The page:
I’m not the greatest handyman, but painting is one home improvement I’m pretty good at doing. Put me in a room with a paintbrush, a roller, and a can of paint, and I can make things happen (including splatters and drips). Painting can be a messy enterprise, but at the end of the day, you see the results of your work. In my work as a minister, outward evidence of transformation isn’t always so obvious.
When my wife and I moved into our current house, I painted several rooms. One day Candy was gone and I had the whole day to work by myself, so I decided to paint the hallway that leads down to the basement. It was dark in there. I flipped the switch and turned on the overhead light, but the area remained dimly lit. I rigged up an extension cord and set a couple of lamps on the floor, but throughout the day I struggled to see the walls in the less-than-ideal light.
That evening Candy came home and surveyed the work I had done. Looking at the hallway walls, she nodded her approval, but she asked, “Why is it so dark in here?” Before I could respond, she pushed a little knob on the side of the light switch, which I hadn’t noticed. It was a dimmer switch. All day I had labored in semi-darkness, when I could have been working in the light.
On the Job With Jesus
Unfortunately, many in today’s workforce are laboring in the dark. According to an article in Forbes magazine, 80 percent of American workers feel stressed at work, only 30 percent feel “engaged and inspired,” and 18 percent are “actively disengaged”—present at work but hate every minute of it.
Jesus wants to go to work with you. The Lord doesn’t stay cooped up in a church building all week. He’s at home in factories, offices, schools, stores, and construction sites. Jesus worked as a carpenter, teacher, healer, leadership trainer, foot washer, and breakfast cook. The CEO of the universe knows what it takes to run a business, and he can infuse your work with a higher purpose.
Obviously, we work in order to earn an income, but the Bible mentions several additional reasons for labor as well:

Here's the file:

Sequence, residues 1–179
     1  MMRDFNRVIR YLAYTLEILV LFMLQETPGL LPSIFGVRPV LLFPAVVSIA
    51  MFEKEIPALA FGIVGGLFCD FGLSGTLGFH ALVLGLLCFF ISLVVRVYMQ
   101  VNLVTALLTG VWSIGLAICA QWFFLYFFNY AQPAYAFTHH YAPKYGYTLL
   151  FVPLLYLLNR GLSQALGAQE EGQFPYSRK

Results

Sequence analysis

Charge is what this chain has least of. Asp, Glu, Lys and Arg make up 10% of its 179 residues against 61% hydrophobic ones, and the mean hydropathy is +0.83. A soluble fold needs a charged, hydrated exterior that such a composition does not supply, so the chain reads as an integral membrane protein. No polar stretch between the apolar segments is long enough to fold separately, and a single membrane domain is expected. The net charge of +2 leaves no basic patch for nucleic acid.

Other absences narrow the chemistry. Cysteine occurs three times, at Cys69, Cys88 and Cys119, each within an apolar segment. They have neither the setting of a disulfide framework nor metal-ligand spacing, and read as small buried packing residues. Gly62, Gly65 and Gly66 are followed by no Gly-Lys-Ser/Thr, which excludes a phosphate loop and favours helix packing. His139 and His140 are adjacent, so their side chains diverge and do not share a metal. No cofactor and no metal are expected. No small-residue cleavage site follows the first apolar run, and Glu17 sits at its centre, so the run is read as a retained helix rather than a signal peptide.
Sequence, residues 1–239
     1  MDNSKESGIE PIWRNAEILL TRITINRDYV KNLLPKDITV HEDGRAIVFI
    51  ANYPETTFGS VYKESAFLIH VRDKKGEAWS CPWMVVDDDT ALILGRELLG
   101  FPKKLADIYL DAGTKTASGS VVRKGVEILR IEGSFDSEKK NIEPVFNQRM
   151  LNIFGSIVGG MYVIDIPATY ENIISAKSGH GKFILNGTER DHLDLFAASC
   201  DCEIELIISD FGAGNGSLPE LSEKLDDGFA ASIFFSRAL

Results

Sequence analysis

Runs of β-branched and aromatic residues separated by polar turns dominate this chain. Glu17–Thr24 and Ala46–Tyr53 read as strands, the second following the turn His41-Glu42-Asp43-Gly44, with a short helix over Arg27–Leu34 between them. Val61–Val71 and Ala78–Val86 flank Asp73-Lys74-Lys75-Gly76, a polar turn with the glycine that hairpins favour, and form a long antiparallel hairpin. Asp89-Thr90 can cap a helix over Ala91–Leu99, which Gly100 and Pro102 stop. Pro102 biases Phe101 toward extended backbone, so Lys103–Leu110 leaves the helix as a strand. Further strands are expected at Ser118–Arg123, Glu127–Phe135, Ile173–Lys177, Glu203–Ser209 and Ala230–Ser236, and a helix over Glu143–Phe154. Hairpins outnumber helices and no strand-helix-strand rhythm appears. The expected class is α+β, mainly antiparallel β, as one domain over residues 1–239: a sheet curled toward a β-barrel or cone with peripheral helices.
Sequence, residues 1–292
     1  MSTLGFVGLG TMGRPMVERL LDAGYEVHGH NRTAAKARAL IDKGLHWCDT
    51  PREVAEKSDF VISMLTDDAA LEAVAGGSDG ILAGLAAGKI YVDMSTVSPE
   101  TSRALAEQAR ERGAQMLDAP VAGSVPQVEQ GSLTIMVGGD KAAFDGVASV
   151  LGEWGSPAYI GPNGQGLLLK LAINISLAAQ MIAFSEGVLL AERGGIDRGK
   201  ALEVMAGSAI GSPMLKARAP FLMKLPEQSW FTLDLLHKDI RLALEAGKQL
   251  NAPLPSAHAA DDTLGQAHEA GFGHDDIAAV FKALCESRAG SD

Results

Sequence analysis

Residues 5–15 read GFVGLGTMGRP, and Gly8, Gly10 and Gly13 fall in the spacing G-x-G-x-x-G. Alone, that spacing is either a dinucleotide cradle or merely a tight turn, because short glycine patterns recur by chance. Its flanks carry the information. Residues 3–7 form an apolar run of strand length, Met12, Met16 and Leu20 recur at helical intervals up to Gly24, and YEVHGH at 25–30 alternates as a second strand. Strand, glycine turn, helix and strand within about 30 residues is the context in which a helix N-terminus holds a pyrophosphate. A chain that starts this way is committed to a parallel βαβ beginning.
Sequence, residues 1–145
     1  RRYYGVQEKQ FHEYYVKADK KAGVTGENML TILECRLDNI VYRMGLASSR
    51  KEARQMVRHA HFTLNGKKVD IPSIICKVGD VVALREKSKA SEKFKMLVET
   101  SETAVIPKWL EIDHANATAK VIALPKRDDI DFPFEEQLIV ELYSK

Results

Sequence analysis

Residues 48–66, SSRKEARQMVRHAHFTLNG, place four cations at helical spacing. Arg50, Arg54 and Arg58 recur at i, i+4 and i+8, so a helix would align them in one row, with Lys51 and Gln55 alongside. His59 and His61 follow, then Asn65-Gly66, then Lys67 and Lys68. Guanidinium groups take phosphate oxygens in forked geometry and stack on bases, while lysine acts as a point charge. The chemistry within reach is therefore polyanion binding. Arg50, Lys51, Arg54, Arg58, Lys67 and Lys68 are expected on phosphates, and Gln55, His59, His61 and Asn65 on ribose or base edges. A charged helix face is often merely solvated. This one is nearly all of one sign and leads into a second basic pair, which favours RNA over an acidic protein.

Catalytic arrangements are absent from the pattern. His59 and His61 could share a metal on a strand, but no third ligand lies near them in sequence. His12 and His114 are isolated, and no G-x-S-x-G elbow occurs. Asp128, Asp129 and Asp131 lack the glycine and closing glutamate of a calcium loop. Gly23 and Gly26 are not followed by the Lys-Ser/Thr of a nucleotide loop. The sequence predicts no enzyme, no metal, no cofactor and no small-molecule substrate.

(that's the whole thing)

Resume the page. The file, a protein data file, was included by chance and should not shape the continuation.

- To honor our Creator (Genesis 2:15; Exodus 20:9). Work has dignity because God designed us to do it.
- To provide for others (Ephesians 4:28; 1 Timothy 5:8). We earn money so we can care for our families and have something to share with those in need.
- To exercise our gifts (Romans 12:6-8). Christians should approach our daily work with a sense of calling. It’s a privilege to serve God with the abilities he has given us.
- To exert influence for the Lord and his church (1 Thessalonians 4:11, 12; Titus 2:9, 10). The workplace is a mission field. Reliable, diligent employees build relationships, earn respect, and set an attractive example for a watching world.
Thank the Lord, there’s more to life than merely enduring our daily work until we finally retire and die. Don’t waste your days painting in the dark. Let the light of Christ shine in your job so that whatever you do, you “work at it with all your heart, as working for the Lord” (Colossians 3:23).
David Faust serves as the Associate Minister at East 91st Street Christian Church in Indianapolis, Indiana.
Lesson study ©2018, Christian Standard Media. Lesson based on The Lookout’s Scope and Sequence ©2018. Scripture quotations are from the New International Version, ©2011, unless otherwise indicated.